State of FinTech and Banking 2021 — Money20/20 Europe

24.09.2021 | 4 min read

Karol Stępień and Maciej Cielecki at Money 20/20

Last week we had the pleasure to attend Money 20/20, a three day event in Amsterdam, where the biggest players in the FinTech and Banking spheres got together to connect. There was so much to take in, and so many inspiring leaders and innovators to meet. Below, we give you an overview of just a few of the top things we learnt, offering a useful insight into the future of the industry and what we might expect over the coming few years.

1. A future formed of two types of financial players

In his keynote address, Paolo Bertoluzzo, Chief Executive OFC/GM, Nexi SpA stated that in 10 years’ time there will be two players that will coexist in the world of finance. The first will be multi-country, integrated providers, such as Nexi, with the required scale to produce payment solutions for the masses. The second will be specialised players that cover specific niches, products and services in more targeted markets and which offer services that integrate with those provided by the first players. There is a real benefit in both sides partnering, as they offer different services to overlapping audiences.

2. Environmental Social and Governance (ESG) as a key part of financial institutions

Julia Hoggett, CEO of the London Stock Exchange Group (LSE) spoke with Olga Zoutendijk, board director, Julius Baer Group about her hopes that ESG will become ‘business as usual’ for most financial institutions during the coming decade. Hoggett stressed that the speed of technology tends to outpace regulation, which is designed to protect consumers: “The fact that regulation is technologically enabled doesn’t impact this fundamental purpose. We need to recognise this as part of the evolution of regulation.” She highlighted the need for a positive working relationship between regulators and big tech companies. The discussion should begin by focussing on what is wanted and what is needed, instead of waiting until after the fact to track down and potentially punish those who break the rules.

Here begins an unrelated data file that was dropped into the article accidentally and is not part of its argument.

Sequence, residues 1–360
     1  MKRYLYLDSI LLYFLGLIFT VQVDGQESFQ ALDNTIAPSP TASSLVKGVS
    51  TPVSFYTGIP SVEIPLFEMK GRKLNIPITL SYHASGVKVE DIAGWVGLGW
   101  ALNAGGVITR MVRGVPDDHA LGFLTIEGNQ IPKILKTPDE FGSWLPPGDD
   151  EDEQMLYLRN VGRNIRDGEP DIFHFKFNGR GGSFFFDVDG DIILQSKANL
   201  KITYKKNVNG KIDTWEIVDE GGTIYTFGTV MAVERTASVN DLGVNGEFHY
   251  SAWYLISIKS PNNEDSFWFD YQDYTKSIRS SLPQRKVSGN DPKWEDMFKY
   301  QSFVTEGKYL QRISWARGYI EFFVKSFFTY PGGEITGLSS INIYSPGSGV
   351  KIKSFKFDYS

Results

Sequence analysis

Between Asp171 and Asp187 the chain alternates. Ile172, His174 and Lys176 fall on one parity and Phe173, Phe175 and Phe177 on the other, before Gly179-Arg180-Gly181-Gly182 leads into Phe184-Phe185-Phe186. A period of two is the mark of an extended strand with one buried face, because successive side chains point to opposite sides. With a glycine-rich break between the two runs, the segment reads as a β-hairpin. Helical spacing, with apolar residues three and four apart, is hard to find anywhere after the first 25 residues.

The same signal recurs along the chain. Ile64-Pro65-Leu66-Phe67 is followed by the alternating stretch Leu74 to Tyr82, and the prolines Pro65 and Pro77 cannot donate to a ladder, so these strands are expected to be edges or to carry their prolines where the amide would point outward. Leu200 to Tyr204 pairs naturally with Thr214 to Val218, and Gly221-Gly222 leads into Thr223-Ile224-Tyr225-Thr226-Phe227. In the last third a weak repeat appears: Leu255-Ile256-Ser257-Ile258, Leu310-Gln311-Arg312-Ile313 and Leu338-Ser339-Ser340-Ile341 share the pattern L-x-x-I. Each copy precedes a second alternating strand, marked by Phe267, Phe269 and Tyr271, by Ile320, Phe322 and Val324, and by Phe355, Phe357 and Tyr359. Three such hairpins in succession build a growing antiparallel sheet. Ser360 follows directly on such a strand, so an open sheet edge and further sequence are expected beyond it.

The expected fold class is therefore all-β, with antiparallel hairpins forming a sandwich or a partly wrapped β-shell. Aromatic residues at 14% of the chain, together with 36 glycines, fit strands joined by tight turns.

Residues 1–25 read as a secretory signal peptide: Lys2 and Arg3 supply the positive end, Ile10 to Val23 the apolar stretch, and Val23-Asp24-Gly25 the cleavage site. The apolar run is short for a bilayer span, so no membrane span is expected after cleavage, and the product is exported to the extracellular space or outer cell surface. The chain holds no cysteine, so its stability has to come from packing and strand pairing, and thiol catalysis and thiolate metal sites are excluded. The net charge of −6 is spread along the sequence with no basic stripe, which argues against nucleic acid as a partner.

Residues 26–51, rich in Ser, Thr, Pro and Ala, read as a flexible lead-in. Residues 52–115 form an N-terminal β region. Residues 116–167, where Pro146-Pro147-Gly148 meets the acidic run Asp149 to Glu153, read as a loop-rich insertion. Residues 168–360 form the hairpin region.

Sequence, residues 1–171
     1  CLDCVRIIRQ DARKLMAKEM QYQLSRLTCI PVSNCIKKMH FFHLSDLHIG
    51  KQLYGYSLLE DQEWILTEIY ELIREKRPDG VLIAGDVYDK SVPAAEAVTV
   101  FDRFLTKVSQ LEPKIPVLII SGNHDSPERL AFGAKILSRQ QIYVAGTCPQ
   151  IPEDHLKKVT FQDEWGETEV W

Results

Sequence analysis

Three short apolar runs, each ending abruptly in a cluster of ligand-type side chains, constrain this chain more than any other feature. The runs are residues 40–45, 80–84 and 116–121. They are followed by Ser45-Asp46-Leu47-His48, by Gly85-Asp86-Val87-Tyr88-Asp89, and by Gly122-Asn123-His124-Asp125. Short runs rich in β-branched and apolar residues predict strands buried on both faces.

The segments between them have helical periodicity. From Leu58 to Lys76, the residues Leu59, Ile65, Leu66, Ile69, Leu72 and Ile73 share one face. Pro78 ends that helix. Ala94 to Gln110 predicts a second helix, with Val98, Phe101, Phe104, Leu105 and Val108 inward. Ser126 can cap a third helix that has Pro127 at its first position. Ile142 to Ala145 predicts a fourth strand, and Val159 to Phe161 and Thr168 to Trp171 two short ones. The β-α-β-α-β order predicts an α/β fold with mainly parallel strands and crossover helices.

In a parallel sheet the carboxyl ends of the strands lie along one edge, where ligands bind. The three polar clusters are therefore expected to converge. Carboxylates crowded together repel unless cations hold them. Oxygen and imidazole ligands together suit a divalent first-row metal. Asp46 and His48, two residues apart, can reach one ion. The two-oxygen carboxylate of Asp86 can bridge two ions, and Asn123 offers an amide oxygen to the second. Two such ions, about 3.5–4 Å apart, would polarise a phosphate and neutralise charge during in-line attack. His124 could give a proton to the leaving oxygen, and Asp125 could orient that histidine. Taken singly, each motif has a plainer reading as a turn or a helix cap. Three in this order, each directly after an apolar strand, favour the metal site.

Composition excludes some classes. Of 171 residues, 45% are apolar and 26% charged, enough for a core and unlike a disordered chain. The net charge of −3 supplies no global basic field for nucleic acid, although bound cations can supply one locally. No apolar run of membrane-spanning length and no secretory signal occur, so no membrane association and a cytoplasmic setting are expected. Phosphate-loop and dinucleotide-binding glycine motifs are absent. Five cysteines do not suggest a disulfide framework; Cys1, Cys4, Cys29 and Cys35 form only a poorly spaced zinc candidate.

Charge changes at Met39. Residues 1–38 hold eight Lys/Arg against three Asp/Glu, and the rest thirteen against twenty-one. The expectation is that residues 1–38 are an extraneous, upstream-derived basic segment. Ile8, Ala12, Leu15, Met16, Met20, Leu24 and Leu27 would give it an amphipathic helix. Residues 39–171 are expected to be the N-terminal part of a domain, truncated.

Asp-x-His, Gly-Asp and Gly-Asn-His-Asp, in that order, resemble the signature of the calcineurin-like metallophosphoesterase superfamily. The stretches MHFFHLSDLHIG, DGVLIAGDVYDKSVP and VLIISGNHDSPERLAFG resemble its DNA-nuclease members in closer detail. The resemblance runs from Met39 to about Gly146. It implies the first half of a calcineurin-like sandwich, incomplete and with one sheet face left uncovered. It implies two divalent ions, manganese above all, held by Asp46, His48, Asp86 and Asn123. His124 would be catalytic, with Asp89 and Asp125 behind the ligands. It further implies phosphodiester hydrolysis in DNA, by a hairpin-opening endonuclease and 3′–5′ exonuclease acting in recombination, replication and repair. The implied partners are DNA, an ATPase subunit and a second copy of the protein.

3. The rapid rise of FinTech opportunities in Africa

Shola Akinlade, Cofounder and CEO of Paystack talked about the rapid rise of his business in the past six years. Starting out as a software developer in Lagos, he never envisaged that his product would reach international markets. Now, he uses it as an example of the real FinTech opportunities that lie in Africa. Y Combinator, which funded his project, provides a small amount of seed funding for startups and it’s seen a record of African startups in its last cohort. Over one billion dollars of investment funding is coming into Africa this year which highlights the real growth potential for FinTech in this part of the world. Shola stressed that apart from funding, African startups are looking for networking opportunities and global partners that could support them with scaling their business.

4. A new approach to managing data

Keith Grose from Plaid, a financial services company specialising in data transfer networks, made an inspiring point about the future of data. Each user of any financial service owns their data - it isn’t owned by banks, FinTechs or any other platforms. That’s why users should be able to manage their data as they please. Open banking has created access to your own data, but the next step is making the data useful to you as an individual and making sure that you’re educated on how you can use it, and how you can give and revoke consent. The future of FinTech is about giving power back to users and to consumers themselves. Data needs to be seen as an empowering capability.

5. The importance of building client-centric products

Yael Barak, VP of Product Management at spoke about the importance of a crawl, walk, run approach to partnerships in FinTech. She advises that it's worth asking yourself whether you have the in-house capabilities to launch your product effectively and if not, who could you partner with to help make it happen? It’s also a case of striking a balance between launching as quickly as possible (and ahead of the competition) or taking a moment to test the market and figure out whether you’re adding actual value to prospective clients. She favours an approach of user testing, iterating quickly and only then releasing when you're ready.

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